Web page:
There were only 4,799 deals in September.
The number of sales and purchase agreements for all building units crashed 36.4% YoY and 28.2% MoM to 4,799 in September, data from the Land Registry show, in yet another sign of Hong Kong’s heated property market slowing down.
The total consideration for sale and purchase agreements in September correspondingly fell by 19.6% YoY and 25.4% MoM to $45.5b.
Residential buildings dominated September property sales after accounting for 3,500 units. The total value of home sales followed the downward trend after falling 18.1% YoY and 20.7% MoM to $37.1b.
Buyer inquiries from investors and owner occupiers fell in August for the first time in two years, Royal Institute of Chartered Surveyors (RICS) Hong Kong said, which was particularly evident in Kowloon and Hong Kong Island where more than one in five field contributors reported fewer enquiries from new buyers.
Buyer sentiment took a blow from the higher interest rate environment, noted real estate consultant Knight Frank, as banks hiked mortgage rates across the board in response to global monetary tightening. The city’s top mortgage banks - HSBC, Bank of China (Hong Kong) and Hang Seng Bank - have hiked their mortgage rates by 10 basis points (bp) in August. This means that new mortgage borrowers from these banks have to shell out an additional $50 per month for every $1m of loan for a 30-year tenure, according to South China Morning Post.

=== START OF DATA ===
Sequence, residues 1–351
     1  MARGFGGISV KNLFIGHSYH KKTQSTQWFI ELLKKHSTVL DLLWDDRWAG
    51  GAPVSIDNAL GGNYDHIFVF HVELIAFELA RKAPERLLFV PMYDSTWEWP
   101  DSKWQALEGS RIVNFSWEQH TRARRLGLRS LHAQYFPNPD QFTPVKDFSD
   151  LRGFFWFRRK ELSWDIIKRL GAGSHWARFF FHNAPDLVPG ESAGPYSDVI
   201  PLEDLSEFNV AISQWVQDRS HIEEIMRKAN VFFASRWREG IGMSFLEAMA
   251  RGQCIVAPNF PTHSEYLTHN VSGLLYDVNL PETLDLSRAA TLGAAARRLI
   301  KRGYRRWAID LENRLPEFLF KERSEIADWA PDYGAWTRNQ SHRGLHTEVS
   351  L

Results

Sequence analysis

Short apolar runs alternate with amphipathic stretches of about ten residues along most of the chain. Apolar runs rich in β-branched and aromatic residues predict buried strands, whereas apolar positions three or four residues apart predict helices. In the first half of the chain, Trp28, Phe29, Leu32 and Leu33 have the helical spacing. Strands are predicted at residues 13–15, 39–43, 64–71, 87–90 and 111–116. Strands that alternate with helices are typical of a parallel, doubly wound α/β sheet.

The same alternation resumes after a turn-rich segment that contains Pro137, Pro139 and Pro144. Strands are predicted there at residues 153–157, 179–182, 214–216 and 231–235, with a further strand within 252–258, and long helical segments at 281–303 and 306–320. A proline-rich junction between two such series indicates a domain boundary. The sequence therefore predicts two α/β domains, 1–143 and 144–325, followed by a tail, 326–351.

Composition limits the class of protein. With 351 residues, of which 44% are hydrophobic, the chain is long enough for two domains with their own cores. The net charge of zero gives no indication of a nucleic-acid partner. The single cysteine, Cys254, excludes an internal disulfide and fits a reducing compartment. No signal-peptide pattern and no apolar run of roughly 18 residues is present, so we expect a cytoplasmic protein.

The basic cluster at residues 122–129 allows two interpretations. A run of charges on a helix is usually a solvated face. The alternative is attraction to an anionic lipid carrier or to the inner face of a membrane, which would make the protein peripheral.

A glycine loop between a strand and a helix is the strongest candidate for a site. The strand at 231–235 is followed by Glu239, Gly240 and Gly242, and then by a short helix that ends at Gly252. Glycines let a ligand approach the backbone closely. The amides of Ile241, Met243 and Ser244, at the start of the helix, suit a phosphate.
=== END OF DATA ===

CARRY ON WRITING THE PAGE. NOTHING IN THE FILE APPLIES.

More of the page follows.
As a result of tighter liquidity making it hard to finance homes, Hong Kong’s runaway residential property prices are expected to slow down in the near term after over 20 months of heated growth.
“Remember what happened in late 2015 -- prices dropped about 13 percent in only six months, and the trigger was the Fed’s rate hike,” Joyce Kwock, head of Hong Kong property research at Nomura International (HK) Ltd. told Bloomberg. “The entirely same situation may repeat again.”
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